Halperin has also defended Trump from accusations of racism on the grounds that “Mexico isn’t a race,” and posed for this notorious picture, so unspoken affinities may be affecting his analysis. But to this day, as Trump is losing to Hillary Clinton in every poll, it is still commonly suggested that Trump has mysterious political powers. No matter what he says, his supporters love it! If he’s losing, it might be because he’s “deliberately trying to avoid winning.”

I would like to propose an alternate hypothesis: Donald Trump is bad at politics. He won the Republican primary because he is a bad politician, he is losing today because he is a bad politician, and part of what makes him a bad politician is only doing the kinds of things his supporters love, which can appear to be good politics to incurious journalists, but is actually not.


Case in point: On Wednesday night, Trump returned in characteristically Freudian fashion to Sean Hannity’s show on Fox News and announced he would forcibly remove not just immigrants, but citizens from the U.S. if they’re found to have extremist views. “Whether it’s racial profiling or politically correct, we better get smart,” he said.

Trump isn’t exactly winging it. Some Americans are scared, authoritarian, and racist. In a big country such as ours, there might even be millions and millions of them. Fear, authoritarianism, and racism are also strong sentiments, so it stands to reason that the people who exhibit them would be loyal Trump supporters, and unusually inclined to attend his rallies, where the themes are frequently fear, authority, and racism.

This appeal was sufficient to win Trump the primary not because he demonstrated raw talent, but because the Republican Party is broken to the point where demagoguery is a more valuable currency than governing experience, donor networks, “ground game” and other attributes. If Trump exhibited any talent at all, it was recognizing just how vulnerable the GOP was to being overtaken by its own Id.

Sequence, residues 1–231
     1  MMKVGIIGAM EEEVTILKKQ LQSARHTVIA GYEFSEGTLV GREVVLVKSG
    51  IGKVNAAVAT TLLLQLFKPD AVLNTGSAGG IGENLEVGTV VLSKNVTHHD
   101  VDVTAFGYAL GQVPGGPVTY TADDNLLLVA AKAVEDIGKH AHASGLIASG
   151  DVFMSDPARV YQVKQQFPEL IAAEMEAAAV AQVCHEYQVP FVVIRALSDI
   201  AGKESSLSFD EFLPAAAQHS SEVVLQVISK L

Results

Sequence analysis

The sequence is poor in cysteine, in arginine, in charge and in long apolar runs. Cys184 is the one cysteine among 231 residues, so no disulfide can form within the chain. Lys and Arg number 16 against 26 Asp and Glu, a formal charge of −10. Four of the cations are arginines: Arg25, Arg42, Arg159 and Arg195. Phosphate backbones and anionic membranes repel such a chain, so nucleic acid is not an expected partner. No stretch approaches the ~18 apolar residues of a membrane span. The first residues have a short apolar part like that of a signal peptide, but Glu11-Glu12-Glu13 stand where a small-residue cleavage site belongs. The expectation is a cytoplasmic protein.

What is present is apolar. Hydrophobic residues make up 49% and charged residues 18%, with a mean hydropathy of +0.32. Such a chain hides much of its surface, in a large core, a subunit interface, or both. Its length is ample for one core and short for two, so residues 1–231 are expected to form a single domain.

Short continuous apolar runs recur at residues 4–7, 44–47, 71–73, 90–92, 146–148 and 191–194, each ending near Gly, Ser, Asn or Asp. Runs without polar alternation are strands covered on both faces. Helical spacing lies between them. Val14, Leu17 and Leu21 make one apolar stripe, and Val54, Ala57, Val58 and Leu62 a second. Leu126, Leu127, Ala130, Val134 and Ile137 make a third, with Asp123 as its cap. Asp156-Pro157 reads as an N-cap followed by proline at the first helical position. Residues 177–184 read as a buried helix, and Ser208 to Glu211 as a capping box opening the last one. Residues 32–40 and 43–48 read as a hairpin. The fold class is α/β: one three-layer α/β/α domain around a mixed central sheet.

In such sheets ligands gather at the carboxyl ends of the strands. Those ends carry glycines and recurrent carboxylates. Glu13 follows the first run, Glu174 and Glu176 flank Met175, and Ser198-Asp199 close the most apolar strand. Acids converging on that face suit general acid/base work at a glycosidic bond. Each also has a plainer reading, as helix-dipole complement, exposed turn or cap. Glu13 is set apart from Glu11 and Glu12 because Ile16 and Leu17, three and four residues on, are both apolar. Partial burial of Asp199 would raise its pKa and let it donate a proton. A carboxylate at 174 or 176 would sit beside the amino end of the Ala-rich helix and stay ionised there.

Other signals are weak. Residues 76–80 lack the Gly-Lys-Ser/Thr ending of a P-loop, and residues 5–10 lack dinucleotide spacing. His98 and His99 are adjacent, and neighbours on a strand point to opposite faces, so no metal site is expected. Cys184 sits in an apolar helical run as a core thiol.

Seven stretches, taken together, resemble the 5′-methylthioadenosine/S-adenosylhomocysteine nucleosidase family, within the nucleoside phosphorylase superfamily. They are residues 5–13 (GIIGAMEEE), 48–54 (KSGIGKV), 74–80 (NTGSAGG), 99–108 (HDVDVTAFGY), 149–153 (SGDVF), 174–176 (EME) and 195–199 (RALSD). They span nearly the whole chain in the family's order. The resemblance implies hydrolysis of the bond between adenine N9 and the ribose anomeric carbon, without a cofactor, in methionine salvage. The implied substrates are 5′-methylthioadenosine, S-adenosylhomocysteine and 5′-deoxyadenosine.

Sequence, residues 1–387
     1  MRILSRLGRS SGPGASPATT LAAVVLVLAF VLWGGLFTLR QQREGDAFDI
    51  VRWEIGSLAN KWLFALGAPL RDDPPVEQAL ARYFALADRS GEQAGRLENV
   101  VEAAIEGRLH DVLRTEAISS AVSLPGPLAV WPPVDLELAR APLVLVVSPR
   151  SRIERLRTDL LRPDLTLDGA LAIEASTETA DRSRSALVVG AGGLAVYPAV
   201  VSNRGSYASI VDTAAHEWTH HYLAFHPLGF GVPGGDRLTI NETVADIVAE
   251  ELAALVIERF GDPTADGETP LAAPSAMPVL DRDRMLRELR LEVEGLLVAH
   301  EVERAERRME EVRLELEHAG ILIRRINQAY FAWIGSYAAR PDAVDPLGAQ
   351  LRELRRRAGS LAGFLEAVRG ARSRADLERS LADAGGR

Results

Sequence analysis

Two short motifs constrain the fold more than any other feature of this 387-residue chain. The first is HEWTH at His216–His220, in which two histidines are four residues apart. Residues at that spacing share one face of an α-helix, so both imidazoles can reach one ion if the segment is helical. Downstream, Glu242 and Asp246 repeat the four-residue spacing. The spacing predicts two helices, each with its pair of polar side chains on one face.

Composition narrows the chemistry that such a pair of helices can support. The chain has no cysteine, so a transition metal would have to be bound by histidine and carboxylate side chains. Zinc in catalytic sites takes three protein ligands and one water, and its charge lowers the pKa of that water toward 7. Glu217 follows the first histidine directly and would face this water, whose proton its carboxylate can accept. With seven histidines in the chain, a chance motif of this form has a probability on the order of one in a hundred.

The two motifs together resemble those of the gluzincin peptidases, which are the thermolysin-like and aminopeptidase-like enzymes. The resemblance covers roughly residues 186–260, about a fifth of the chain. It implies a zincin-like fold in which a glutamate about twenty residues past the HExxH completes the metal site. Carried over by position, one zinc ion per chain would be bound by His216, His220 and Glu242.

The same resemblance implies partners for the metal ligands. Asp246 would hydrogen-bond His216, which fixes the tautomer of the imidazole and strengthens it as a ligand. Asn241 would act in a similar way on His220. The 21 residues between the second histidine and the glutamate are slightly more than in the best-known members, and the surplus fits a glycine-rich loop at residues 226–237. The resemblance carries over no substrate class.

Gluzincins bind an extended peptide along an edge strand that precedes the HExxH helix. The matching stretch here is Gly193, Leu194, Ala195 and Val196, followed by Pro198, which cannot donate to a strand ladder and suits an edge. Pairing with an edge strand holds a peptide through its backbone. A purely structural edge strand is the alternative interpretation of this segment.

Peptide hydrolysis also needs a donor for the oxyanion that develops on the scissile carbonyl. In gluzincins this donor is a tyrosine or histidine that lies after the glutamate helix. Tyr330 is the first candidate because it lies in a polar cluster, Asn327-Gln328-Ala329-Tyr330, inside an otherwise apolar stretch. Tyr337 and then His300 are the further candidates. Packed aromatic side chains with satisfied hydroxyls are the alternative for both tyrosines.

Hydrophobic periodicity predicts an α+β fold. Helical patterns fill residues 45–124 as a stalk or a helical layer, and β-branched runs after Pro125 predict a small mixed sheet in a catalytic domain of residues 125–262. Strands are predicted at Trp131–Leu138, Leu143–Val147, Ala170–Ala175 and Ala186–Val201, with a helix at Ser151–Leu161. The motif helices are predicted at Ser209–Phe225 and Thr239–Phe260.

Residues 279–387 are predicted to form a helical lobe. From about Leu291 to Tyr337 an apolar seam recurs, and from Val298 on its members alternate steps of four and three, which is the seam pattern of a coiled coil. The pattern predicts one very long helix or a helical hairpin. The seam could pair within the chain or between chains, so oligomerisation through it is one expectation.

When the primary was all over, Trump had an extremely loyal core of support. By dint of being the nominee of a major party, millions more reflexive or reluctant or low-information voters accreted around that core, leaving Trump with the support of perhaps 40 percent of likely voters, and nowhere to go but down.

Saying things like we should exile U.S. citizens will help Trump fill arenas, but it also underlines how, contra Halperin, Trump is an almost comically untalented politician.

Kicking citizens out of the United States for having extreme ideological views is unconstitutional. Not unconstitutional in the way that conservatives imagine the only policy regimes allowed under the Constitution are ones they like, but unconstitutional in a clearly delineated way.

This was, in essence, the point Khizr Khan was making at the Democratic convention three weeks ago when he asked Trump, “Have you even read the United States Constitution?”

Trump’s decision to respond by attacking the Khan family was, in itself, open-shut evidence of his near total lack of political talent, but Trump and his surrogates justified his decision to defend himself on the grounds that Khan had attacked him unfairly—i.e. that it’s wrong to suggest Trump has never read the Constitution.

Based on a number of things Trump has said—including that the Constitution has (at least) twelve articles (it has seven)—Khan was on solid ground thinking maybe Trump never read the thing. But from the moment Khan’s speech captured the country’s imagination, and Trump responded as if he’d been slandered, that question—have you even read the Constitution?—made the metaphysic transformation from rhetorical to literal. Nearly a month has passed, and Trump has done nothing to address this glaring deficiency. He continues to propose unconstitutional ideas on a weekly basis, and it is a safe bet that when he and Clinton meet for their first debate next month, he will be confronted with some trivial question about the Constitution and have no clue how to answer.